Headaches and migraines are common in people suffering from fibromyalgia. Headaches and migraines of a new type, pattern, or seriousness are one of the diagnostic criteria for fibromyalgia. Sometimes the headache is treated as a symptom of those conditions, while sometimes it is considered a comorbid condition.
How are they connected?
Fibromyalgia, headaches, and migraines belong to a group of diseases that have been categorized by several general terms, including functional somatic syndromes and somatic diseases. Another term that has grown in importance over the last few years is central sensitivity syndromes. These syndromes are defined as diseases whose physical symptoms cannot be fully accounted for or diagnosed as an established medical condition.
Migraines have long been linked to somatic functional syndromes, including fibromyalgia, which means that these conditions often coexist. Although it is not clear why this happens, researchers are investigating the possibility that one of the underlying mechanisms that the three conditions can have in common is central awareness.
Prevent headaches and migraines
More important than dealing with a headache when you have it is stopping it from happening in the first place, especially since reducing head pain can help reduce fibromyalgia symptoms and ME/CFS symptoms as well.
Since treating fibromyalgia involves symptom management, it is essential to keep head pain at arm’s length. Headaches may be present in fibromyalgia, especially tension headaches and migraines. Fortunately, there is a broad spectrum of treatment options.
- OTC medications for headaches and migraines include:
– Nonsteroidal anti-inflammatory agents (NSAIDs), such as Motrin (ibuprofen), Aleve (naproxen), and aspirin.
-Painkillers such as Tylenol (acetaminophen) and Excedrin (aspirin/paracetamol/caffeine)
- Prescribed Medications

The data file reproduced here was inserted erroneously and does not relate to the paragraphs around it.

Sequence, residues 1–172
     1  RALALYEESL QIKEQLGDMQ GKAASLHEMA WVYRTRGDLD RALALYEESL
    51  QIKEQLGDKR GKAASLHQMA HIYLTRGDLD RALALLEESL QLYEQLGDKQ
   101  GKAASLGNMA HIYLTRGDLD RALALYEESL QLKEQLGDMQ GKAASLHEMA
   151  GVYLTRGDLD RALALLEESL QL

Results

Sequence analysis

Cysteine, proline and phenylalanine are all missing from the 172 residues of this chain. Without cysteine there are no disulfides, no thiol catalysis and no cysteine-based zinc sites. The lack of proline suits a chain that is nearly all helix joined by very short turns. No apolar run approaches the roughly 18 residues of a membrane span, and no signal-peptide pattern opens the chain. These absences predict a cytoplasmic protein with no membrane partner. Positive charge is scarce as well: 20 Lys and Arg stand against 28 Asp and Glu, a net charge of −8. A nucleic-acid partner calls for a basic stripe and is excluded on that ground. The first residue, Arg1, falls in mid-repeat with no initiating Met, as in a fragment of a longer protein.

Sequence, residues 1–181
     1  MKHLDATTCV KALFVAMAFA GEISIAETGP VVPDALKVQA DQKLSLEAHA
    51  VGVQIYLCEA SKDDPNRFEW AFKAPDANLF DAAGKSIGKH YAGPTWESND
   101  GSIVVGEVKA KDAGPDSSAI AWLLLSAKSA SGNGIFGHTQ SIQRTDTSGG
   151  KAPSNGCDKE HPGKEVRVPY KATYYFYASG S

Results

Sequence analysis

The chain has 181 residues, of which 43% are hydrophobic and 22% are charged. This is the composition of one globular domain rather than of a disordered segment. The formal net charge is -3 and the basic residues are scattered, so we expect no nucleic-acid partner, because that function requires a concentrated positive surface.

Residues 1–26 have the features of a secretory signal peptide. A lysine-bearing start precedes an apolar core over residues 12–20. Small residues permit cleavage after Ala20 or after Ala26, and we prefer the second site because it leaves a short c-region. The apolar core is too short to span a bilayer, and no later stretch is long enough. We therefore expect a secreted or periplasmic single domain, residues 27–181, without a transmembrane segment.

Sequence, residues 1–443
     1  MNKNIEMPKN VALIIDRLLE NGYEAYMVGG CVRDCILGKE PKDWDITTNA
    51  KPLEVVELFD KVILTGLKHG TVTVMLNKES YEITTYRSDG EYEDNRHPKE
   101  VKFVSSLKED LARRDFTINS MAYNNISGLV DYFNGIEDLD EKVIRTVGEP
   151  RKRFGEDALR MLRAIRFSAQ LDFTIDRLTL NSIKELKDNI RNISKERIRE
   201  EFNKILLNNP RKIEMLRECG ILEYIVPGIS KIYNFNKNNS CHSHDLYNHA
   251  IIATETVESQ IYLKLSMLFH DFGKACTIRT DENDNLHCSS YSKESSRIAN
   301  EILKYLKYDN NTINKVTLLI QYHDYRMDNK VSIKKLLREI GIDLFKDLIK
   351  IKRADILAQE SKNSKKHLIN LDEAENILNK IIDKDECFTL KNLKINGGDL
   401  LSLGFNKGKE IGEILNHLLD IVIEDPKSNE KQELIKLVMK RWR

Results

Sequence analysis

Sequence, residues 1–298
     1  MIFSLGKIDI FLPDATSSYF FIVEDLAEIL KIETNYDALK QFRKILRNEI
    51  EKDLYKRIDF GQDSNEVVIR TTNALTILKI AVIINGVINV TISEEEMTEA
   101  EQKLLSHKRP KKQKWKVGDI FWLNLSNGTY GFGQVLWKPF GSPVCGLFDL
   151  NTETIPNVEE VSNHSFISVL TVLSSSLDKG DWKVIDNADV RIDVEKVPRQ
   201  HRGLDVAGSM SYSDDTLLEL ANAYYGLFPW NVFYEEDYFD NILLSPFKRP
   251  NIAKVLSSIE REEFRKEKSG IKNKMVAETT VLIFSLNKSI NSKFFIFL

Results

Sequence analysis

-Physicians may prescribe migraine drugs when over-the-counter medications do not rule them out. These medications include:
-Prescribed analgesics like Cambia (diclofenac) and stronger combinations of ibuprofen or acetaminophen.
-Triptans including Imitrex (sumatriptan), Axert (almotriptan), Relpax (eletriptan), Maxalt (rizatriptan), and Zomig (zolmitriptan)
-Migranal (dihydroergotamine), alkaloid ergot.
-Antiemetic agents such as chlorpromazine, Haldol (haloperidol), and metoclopramide.
Medicines your doctor may prescribe to help reduce the incidence of migraine attacks include:
- Biopharmaceuticals, including Aimovig (erenumab) and Ajovy (fremanezumab-vfrm)
- Betabloquants like Inderal (propranolol), Toprol (metoprolol), and timolol.
- Antidepressants, such as amitriptyline
- Anticonvulsants such as Neurontin (gabapentin), Depakote (Divalproex), and Topamax (topiramate).
- Non-pharmacological measures
Aside from preventive medications, other measures can help prevent headaches and migraines:
- chiropractic treatment
- physical therapy
- Transcranial magnetic stimulation
- Lifestyle changes can also play a significant role in the treatment of headache-migraine-fibromyalgia including:
- Dietary changes: You may find that some foods or drinks cause headaches, which makes their avoidance important for how you feel.
- Exercise: Although exercise helps some people, it is difficult when you have fibromyalgia. Make sure you don’t make yourself worse By overdosing.
- Reduce stress: Learning to manage and reduce stress may also help, especially as stress is a major cause of headaches and migraines.
Dealing with a medical condition tends to be challenging, and having more than one can complicate things. Working to effectively treat and manage all your conditions, and living a healthy lifestyle in general, can make a meaningful difference to your quality of life. Fortunately, in the case of headaches, migraines, and fibromyalgia, you could obtain a dual service with several treatments and preventive measures. If you have headaches or migraines, consult your doctor for a diagnosis and begin searching for effective treatments.